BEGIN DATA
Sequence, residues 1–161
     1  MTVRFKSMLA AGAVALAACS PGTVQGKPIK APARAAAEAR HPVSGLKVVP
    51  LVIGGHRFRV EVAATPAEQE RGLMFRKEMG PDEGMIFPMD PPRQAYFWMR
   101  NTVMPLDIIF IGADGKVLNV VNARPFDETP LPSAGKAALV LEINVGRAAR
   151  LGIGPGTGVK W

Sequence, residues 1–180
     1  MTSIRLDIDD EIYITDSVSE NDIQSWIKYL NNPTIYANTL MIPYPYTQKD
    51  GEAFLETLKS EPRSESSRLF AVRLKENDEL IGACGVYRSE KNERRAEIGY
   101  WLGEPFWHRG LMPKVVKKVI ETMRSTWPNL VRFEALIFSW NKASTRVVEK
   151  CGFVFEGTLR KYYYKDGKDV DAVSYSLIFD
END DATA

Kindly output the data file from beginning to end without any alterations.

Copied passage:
Sequence, residues 1–161
     1  MTVRFKSMLA AGAVALAACS PGTVQGKPIK APARAAAEAR HPVSGLKVVP
    51  LVIGGHRFRV EVAATPAEQE RGLMFRKEMG PDEGMIFPMD PPRQAYFWMR
   101  NTVMPLDIIF IGADGKVLNV VNARPFDETP LPSAGKAALV LEINVGRAAR
   151  LGIGPGTGVK W

Sequence, residues 1–180
     1  MTSIRLDIDD EIYITDSVSE NDIQSWIKYL NNPTIYANTL MIPYPYTQKD
    51  GEAFLETLKS EPRSESSRLF AVRLKENDEL IGACGVYRSE KNERRAEIGY
   101  WLGEPFWHRG LMPKVVKKVI ETMRSTWPNL VRFEALIFSW NKASTRVVEK
   151  CGFVFEGTLR KYYYKDGKDV DAVSYSLIFD